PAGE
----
Variantyx Posts

Six variant interpretation strategies for NGS data analysis

variant interpretation

We’ve spoken frequently about variant detection, but variant interpretation is just as important to providing useful genetic testing results. Particularly in the case of whole exome (WES) and whole genome (WGS) analyses which identify thousands of variants. Here we focus on six key variant interpretation strategies that geneticists reviewing a case should have access to.

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Why 30X WGS beats 100X WES for variant coverage

variant coverage

We’re often asked why whole genome sequencing (WGS) is only performed at 30X coverage while whole exome sequencing (WES) is typically performed at 100X coverage. Isn’t 100X better than 30X? If we’re comparing apples to apples, the answer would logically be yes. But in reality we’re comparing apples to oranges, so the answer is not so intuitively no. Here’s why.

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Detecting large structural variants using WGS

structural variants

In this week’s post we’re taking a closer look at large (>50bp) structural variants, including copy number variants (CNVs). Previously, we’ve noted how whole genome sequencing (WGS) technology provides unique opportunities for detection of CNVs. But we’re often asked what specific types of structural variants are detected by WGS.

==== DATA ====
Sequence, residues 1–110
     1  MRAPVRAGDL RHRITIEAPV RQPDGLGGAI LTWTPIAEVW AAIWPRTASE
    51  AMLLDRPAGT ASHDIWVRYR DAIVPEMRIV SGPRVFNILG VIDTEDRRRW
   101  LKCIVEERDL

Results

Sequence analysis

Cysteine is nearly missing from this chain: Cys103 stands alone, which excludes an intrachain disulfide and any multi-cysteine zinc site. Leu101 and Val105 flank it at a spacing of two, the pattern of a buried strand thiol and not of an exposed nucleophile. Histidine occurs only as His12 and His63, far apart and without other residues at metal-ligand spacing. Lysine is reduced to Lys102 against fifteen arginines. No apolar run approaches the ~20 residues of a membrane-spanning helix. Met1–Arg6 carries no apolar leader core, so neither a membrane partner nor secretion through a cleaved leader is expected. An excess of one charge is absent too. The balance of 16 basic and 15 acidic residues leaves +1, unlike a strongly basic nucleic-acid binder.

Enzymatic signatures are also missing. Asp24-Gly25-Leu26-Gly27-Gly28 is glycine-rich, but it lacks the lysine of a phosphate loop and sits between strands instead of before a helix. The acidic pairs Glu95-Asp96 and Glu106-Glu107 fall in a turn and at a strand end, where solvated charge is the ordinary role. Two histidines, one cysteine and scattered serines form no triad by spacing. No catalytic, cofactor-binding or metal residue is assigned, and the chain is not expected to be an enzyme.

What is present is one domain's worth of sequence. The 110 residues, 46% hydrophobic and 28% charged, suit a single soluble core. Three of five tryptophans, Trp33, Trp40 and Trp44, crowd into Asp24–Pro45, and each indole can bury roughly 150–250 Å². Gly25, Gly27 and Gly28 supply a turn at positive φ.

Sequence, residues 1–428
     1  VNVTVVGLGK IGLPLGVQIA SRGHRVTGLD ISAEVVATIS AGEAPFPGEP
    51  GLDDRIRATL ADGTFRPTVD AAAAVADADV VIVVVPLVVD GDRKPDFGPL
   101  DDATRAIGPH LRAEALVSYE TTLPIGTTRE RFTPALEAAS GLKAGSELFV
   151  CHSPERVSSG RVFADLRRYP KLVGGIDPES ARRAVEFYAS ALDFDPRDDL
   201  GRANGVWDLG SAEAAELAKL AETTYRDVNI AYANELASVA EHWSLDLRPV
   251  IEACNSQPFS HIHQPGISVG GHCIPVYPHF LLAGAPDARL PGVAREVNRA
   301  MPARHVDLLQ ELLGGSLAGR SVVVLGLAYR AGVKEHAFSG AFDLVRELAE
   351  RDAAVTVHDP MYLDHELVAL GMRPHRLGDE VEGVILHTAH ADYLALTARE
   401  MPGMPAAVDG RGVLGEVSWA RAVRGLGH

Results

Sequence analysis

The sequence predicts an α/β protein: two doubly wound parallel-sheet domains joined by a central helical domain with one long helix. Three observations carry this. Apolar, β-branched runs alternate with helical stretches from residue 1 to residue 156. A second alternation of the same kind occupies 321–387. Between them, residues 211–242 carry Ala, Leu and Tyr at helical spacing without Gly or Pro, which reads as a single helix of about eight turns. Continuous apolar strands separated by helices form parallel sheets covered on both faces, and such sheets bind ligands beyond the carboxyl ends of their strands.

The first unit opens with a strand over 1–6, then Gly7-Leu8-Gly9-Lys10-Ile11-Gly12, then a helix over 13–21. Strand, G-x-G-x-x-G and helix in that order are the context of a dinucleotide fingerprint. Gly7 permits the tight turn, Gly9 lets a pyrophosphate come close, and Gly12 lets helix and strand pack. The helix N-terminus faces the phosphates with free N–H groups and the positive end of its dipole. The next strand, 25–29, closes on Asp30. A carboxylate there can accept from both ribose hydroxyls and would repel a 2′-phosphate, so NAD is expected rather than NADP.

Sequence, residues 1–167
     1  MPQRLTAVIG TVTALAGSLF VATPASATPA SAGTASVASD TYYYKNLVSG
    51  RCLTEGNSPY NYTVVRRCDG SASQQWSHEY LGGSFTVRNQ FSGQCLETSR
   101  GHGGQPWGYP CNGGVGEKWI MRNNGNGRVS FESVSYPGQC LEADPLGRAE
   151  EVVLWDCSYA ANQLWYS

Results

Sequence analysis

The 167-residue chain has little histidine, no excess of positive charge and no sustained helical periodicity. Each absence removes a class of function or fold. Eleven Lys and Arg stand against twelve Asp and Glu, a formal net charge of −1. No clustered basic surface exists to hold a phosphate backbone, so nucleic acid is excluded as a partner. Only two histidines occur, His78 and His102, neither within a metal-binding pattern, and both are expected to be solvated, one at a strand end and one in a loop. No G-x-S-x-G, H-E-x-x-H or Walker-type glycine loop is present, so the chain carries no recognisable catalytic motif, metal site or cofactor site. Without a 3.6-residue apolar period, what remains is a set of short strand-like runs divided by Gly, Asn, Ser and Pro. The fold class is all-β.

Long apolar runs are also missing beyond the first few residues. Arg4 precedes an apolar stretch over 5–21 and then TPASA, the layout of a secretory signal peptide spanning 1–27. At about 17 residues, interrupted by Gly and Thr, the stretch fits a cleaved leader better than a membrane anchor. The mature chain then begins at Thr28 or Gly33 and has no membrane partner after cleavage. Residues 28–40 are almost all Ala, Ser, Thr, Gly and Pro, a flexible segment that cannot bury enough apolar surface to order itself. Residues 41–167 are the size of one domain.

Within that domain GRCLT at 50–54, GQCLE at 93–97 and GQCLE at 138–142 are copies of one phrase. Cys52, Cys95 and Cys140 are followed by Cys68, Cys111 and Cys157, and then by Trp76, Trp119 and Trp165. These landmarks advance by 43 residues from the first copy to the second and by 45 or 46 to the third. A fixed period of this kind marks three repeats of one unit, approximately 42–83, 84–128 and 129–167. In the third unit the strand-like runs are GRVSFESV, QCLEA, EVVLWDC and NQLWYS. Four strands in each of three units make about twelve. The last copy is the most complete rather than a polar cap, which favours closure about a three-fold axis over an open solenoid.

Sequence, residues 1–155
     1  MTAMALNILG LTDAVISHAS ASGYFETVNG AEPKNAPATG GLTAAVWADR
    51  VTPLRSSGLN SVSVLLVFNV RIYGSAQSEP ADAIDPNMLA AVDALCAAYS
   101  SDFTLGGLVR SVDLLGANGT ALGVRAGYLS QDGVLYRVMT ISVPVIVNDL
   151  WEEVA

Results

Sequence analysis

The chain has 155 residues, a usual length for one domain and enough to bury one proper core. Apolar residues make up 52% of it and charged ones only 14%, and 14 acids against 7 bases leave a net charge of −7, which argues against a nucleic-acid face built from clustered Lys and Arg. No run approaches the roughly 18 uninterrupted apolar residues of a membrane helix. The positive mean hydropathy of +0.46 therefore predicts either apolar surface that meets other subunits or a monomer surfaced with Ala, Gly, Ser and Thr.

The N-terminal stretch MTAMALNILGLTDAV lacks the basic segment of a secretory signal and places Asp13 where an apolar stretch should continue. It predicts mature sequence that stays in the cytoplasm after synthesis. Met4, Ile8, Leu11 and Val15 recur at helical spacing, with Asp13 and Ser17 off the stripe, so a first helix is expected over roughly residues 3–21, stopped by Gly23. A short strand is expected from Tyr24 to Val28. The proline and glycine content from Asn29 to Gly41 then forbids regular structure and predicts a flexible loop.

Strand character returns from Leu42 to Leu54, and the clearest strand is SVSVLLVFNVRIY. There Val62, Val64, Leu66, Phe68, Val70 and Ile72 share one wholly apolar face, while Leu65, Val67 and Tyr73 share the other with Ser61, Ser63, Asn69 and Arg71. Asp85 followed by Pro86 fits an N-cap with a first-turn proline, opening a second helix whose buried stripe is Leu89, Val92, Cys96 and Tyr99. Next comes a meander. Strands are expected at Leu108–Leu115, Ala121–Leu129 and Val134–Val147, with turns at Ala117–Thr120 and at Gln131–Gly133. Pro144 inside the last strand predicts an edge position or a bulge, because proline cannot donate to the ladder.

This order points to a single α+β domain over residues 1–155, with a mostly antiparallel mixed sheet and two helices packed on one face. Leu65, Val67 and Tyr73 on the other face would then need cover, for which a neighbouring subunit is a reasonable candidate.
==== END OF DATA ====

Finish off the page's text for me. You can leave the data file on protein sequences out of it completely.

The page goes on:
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In silico panels: An effective tool for performing targeted, outcome-driven analyses of WGS data

in silico panels

In our last post, we talked about the importance of periodically reanalyzing whole exome (WES) and whole genome sequencing (WGS) data for unsolved cases. An additional benefit of reanalysis of WGS data is that there’s no need to worry about coverage and changing pull-down kits as knowledge of exonic and regulatory regions of emerging importance grows. The full genomic sequence is already available. Which leads us to consider another related strength of WGS technology in this post: support for in silico panels.

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Periodic data reanalysis leads to higher diagnostic yield

data reanalysis

A case came to us in early 2017. The patient was an adult male with symptoms of muscle weakness along with limb girdle and distal inclusion body myopathy, with a suspicion of autosomal dominant inheritance. We process new cases all the time, sequencing the whole genome to obtain the most comprehensive coverage of variants possible. And for the subset that don’t receive a diagnosis following interpretation, we routinely subject them to periodic reanalysis. But this particular case was a data reprocessing project from the very beginning …

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Rare disease resources

rare disease day

Today, Wednesday February 28th, marks Rare Disease Day® 2018.

For the past 11 years, the last day of February has been designated as the day to raise global awareness of rare diseases …

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